Review: Anne Holt – Death of the Demon

Anne Holt is another Scandinavian author whose books have been translated out of order. Unlike some writers however, such as Jo Nesbo and Liza Marklund, it does make a significant difference to the sense of the narrative. In 1222, Death of the Demondetective Hanne Wilhelmsen is in a wheelchair and reference is made to children she has had with her partner, Cecile. In Death of the Demon, the catastrophe that clearly befalls Hanne has yet to occur and part of the narrative is given over to a heated debate whether she and Cecile should have children. It’s quite frustrating for the reader who knows future plot lines, although my guess is that the success of 1222 is responsible for the earlier, and slighter, books now being translated into English.

Like the previous novel in the series, Blessed are Those Who Thirst, the book resolves around a single issue: in this case a damaged child who may have been involved in the murder of a social worker. Olav is grossly overweight due to poor early childhood and he is sent to group foster home which he immediately hates. When the home’s head, Agnes Vestavik, is found with a knife through her heart, Olav is discovered missing although Hanne is reluctant to lay the blame immediately on the absent child. Agnes appears to have dug out secrets of other carers in the home and the identity of the murderer remains unclear.

One of the attractions of Anne Holt’s books is that they’re not the huge tomes that characterise much of Scandinavian crime fiction. In many ways they remind me of the books I read as a teenager, with a single plot strand and a tight narrative structure. And I do still enjoy reading this style of book but my problem with Death of the Demon is that the plot is very slight. A woman is killed; a boy runs away. And that’s about it. We get to see slightly more of Hanne’s character but compared to the series’ excellent debut, The Blind Goddess, and the atmospheric 1222, this book pales in comparison. It was a decent enough read but nothing more. And I’ve come to expect much more from crime fiction these days. And perhaps the length of novels is a reflection of this.

I’m sure Holt’s fans will read the book anyway. We already know that this is a series on its way somewhere and I’m not giving up on it. But fingers crossed that the next one will be more substantial. The translation, incidentally, by Anne Bruce, is wonderfully clear.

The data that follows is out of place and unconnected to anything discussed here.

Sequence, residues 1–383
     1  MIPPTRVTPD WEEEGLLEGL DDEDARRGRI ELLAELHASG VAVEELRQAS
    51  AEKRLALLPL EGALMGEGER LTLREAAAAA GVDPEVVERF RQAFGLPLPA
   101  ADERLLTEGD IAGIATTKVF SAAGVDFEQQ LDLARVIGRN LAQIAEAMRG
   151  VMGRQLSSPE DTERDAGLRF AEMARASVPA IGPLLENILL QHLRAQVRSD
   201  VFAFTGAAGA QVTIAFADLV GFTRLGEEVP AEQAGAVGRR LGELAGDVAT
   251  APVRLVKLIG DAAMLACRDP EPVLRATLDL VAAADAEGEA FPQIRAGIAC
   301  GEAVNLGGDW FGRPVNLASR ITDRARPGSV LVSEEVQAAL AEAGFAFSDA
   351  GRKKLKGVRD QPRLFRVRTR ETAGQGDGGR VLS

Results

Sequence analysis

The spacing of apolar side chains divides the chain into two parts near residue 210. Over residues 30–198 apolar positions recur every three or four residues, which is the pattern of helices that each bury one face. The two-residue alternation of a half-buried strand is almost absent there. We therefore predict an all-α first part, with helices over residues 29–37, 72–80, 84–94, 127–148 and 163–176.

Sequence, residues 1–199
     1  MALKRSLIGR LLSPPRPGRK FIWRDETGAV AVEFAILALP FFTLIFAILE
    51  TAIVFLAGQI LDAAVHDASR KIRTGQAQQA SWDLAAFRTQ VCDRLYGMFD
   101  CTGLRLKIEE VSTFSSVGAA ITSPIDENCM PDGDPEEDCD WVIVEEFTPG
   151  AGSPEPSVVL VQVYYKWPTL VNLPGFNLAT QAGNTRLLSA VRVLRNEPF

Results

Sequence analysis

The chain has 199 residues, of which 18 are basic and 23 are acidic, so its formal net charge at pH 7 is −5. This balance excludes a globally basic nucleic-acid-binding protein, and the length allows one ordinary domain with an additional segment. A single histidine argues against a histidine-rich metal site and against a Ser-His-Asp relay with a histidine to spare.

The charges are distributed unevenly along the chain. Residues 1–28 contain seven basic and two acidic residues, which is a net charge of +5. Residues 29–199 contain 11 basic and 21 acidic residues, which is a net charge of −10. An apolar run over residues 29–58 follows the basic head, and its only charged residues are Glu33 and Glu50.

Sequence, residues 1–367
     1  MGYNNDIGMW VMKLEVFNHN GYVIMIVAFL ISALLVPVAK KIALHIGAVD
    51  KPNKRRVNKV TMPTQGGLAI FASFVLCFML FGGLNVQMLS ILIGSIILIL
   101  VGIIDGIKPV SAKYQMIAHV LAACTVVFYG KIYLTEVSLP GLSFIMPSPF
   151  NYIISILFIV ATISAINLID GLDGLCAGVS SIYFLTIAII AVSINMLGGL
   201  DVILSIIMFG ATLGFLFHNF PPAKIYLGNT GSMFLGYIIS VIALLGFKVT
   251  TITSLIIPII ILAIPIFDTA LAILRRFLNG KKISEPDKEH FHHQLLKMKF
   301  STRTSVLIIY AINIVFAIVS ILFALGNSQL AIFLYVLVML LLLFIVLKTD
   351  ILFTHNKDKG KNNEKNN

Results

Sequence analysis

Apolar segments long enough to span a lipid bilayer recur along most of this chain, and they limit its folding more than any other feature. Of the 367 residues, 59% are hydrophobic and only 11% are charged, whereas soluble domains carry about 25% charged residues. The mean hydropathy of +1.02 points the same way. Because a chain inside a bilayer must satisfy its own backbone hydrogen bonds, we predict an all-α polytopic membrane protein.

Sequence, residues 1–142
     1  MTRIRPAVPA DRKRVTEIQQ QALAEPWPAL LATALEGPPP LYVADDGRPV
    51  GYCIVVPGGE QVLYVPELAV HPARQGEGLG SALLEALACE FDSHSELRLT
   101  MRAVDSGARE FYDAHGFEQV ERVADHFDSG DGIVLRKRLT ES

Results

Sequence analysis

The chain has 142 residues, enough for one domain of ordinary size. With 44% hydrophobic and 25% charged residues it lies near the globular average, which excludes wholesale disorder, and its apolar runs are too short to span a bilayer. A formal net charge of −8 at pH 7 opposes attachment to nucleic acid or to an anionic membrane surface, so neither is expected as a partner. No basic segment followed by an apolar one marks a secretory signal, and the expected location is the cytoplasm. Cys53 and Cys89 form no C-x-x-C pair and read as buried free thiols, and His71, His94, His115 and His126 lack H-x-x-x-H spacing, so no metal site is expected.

Review: Anne Holt – The Blind Goddess

Norwegian author Anne Holt writes excellent mysteries set in and around Oslo. Like many Scandinavian writers, she suffers from the curse of being translated out of order and it is left to the reader to try and piece together the story of the characters. This is particularly the case with the series featuring Hanne Wilhelmsen who in the excellent 1222 is suffering from a serious disability. Although it is been sold on Amazon as ‘Hanne Wilhelmsen #1’, it is in fact the eighth book in the series and the Hanne we see in The Blind Goddess is a very different character from the later novel.

The book opens with lawyer Karen Borg discovering the dead body of a drug dealer in the street. When a young Dutch student is found covered in blood and charged with the murder he insists on being represented by the woman who found the body. Although not an expert in criminal law, Karen agrees to defend the student although she comes under pressure from the prominent defence lawyer Peter Strup to hand over the case to him. When a shady criminal lawyer, Hans Olsen is found shot days later, Detective Inspector Hanne Wilhelmsen and police attorney Håkon Sand are convinced there is a link with the dead drug dealer. However crucial pieces of evidence keep disappearing and it appears that a conspiracy operating high up in the Oslo legal system is anxious to ensure the case remains unsolved.

Although written in 1993, The Blind Goddess had none of the ‘period’ feel you sometimes get with books that are translated long after their original publication. Only in a couple of instances (Karen’s Ford Sierra) were you reminded that this was written before the age of mobile phones and the internet. I thought the mystery element of the book was very well plotted and must have been a strong debut novel for Holt. As you would expect from a first novel, there is plenty of attention given to developing the characters, particularly that of Hanne with her hidden private life and of the developing relationship between Karen and Håkon.

Overall I think this is the strongest Anne Holt book I’ve read and it’s good to hear that they are going to be published now in order. The next in the Hanne Wilhelmsen series, Blessed are those that Thirst, is out next year. One slight niggle: the blurb at the back of the book had the wrong name for the dead lawyer – Hansa Larsen instead of Hans E Olsen. Doesn’t anyone check these things?

I bought my copy of the book. Other reviews can be found at Eurocrime and Crime Scraps Review.